Over the course of time we have witnessed a large number of industries and organizations adopting blockchain technology as its mainframe to offer solutions. And with its recent surge, a recent PwC Health Research Institute survey revealed that nearly half of the healthcare executives are now planning on developing or adopting the same. However, implementation challenges persist, including a lack of trust, governance, and expertise.
While blockchain is widely viewed as inherently secure — and could ultimately increase trust among stakeholders — many remain skeptical. Of the 74 global healthcare companies surveyed, 47 percent cited lack of trust as a top concern of blockchain use. Lack of expertise is also a major barrier. Sixty-one percent of executives said that a lack of appropriate blockchain skills on the team impeded their blockchain projects. Other significant concerns included lack of governance structure (43%), regulatory uncertainty (39%), and interoperability (36%).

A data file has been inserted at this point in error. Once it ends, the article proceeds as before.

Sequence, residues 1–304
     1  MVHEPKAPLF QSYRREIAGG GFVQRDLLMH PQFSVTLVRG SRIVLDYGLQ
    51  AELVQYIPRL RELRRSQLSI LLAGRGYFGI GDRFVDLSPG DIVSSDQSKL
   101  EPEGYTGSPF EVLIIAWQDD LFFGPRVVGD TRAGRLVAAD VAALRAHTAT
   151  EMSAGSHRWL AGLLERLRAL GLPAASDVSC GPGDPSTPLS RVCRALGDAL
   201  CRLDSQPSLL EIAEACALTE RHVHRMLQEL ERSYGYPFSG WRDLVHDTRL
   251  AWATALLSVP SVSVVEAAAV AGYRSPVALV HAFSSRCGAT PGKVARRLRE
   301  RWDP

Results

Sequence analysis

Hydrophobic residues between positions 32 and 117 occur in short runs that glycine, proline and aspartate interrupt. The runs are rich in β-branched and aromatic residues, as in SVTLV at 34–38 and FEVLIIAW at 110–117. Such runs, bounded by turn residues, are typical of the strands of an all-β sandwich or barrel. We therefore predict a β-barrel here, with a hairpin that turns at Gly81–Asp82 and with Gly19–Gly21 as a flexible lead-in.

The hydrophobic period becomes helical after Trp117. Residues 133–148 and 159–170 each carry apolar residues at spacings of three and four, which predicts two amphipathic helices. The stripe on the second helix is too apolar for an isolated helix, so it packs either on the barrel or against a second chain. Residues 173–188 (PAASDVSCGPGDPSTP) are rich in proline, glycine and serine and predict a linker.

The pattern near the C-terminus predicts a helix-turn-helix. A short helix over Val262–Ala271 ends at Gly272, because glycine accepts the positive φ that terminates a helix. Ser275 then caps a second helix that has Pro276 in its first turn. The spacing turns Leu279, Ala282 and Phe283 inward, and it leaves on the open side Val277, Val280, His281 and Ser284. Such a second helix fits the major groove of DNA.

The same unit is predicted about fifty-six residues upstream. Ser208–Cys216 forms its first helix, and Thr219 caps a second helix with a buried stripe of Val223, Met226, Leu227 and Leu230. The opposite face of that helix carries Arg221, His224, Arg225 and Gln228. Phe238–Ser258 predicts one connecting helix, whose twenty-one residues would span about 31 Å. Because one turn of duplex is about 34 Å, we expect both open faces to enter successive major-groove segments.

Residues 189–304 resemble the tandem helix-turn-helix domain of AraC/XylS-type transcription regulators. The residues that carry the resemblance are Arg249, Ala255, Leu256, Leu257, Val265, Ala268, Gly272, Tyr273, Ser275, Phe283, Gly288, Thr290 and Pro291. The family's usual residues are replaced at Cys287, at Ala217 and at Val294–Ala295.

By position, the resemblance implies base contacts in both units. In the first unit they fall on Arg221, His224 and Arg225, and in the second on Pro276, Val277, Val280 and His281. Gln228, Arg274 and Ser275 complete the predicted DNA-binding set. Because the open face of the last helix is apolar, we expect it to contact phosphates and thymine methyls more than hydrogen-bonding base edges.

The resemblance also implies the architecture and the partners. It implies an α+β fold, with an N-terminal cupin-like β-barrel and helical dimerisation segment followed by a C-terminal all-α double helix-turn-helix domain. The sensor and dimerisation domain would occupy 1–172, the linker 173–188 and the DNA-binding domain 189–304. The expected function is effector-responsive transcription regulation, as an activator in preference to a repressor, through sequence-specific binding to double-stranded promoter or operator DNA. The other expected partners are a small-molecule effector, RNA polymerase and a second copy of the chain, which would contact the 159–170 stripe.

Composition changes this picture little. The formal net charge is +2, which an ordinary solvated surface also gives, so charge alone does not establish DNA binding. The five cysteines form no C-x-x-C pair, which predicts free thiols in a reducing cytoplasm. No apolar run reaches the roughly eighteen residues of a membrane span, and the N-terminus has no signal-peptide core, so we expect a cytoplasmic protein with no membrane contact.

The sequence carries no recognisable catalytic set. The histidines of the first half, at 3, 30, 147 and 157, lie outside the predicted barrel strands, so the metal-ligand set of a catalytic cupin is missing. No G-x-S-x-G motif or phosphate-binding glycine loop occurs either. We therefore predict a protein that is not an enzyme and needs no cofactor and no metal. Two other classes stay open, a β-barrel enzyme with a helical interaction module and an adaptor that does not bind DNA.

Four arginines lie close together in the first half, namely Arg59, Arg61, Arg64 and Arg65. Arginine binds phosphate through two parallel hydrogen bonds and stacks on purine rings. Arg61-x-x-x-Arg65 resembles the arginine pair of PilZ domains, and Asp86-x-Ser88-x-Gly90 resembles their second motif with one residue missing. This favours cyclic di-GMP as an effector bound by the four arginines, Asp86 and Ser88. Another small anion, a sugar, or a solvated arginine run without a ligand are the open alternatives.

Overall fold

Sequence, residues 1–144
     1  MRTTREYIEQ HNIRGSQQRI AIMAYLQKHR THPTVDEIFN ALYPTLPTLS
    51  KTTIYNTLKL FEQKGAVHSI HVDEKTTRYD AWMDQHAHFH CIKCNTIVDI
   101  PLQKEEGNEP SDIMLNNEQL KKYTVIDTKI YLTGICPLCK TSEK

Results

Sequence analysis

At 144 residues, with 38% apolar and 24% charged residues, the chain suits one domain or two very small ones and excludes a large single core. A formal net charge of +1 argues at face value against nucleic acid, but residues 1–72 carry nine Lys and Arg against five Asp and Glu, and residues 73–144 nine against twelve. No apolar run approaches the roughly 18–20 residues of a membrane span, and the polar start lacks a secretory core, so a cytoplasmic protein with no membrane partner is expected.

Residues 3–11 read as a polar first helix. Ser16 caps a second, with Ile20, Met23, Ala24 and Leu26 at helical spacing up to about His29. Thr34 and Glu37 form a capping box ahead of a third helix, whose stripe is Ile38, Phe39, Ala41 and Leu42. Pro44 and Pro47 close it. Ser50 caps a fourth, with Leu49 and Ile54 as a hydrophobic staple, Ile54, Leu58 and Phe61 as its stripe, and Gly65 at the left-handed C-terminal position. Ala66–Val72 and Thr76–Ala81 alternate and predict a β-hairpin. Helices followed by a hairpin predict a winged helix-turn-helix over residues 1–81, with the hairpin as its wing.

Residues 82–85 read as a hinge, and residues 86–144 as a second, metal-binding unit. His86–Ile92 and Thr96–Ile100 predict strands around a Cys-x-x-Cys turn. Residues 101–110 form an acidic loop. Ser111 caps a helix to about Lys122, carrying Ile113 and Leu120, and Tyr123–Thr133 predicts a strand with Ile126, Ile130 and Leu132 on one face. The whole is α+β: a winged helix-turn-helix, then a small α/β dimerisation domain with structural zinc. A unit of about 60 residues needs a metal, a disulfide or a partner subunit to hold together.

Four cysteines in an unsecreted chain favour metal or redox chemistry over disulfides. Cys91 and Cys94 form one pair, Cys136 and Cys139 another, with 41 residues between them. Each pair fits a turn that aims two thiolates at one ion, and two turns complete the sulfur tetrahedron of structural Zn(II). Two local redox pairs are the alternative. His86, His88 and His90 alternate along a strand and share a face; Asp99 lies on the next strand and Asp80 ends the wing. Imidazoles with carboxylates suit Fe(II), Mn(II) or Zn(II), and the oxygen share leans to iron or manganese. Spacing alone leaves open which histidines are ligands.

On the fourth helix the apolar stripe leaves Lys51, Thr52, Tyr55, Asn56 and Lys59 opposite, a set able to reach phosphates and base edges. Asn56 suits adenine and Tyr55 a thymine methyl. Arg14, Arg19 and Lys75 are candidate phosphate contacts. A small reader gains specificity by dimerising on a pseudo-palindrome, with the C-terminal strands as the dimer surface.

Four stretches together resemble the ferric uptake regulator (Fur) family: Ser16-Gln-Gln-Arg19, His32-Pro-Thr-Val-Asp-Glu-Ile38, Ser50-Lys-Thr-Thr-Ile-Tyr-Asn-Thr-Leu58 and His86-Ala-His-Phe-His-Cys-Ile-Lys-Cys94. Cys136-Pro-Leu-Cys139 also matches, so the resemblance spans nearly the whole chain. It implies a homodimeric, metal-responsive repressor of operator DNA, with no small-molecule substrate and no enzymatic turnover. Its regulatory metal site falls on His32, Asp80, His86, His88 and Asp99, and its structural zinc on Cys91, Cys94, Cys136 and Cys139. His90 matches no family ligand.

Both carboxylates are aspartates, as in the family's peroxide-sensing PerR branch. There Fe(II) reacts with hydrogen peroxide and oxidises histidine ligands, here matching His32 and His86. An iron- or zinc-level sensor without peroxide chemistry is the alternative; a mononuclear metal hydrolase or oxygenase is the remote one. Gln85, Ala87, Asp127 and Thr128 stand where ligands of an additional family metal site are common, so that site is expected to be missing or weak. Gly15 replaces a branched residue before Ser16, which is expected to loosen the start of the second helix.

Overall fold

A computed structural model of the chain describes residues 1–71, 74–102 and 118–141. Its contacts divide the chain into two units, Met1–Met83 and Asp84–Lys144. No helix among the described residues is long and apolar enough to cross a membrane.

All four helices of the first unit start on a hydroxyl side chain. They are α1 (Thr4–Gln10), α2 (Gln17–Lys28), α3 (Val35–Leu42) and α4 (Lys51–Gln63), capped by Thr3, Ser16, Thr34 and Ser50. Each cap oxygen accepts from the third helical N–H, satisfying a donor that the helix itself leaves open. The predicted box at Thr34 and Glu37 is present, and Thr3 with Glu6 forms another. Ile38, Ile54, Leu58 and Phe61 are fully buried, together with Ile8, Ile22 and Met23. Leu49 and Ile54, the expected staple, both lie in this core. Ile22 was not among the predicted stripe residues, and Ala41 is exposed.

Blockchain could simplify and automate these processes, in some cases saving companies weeks of effort, revenue and lost opportunities. Companies that are slow to change may lose out to ones that use the technology to cut costs and increase efficiencies.
In order to reap the benefits of blockchain, however, organizations must overcome barriers to adoption. To facilitate adoption, executives should first identify a single, clear use case for the technology. Once executives identify a use case, experts recommend that they should leverage that case to find partners, work out technological issues, and solve specific problems. Blockchain-based technologies offer substantial opportunities to reinvent how healthcare companies access, collect, distribute, share, leverage, monitor and audit data. In some sectors, disruption of the status quo is already underway, and companies have just a few years before full-scale blockchain implementations begin to appear on the market.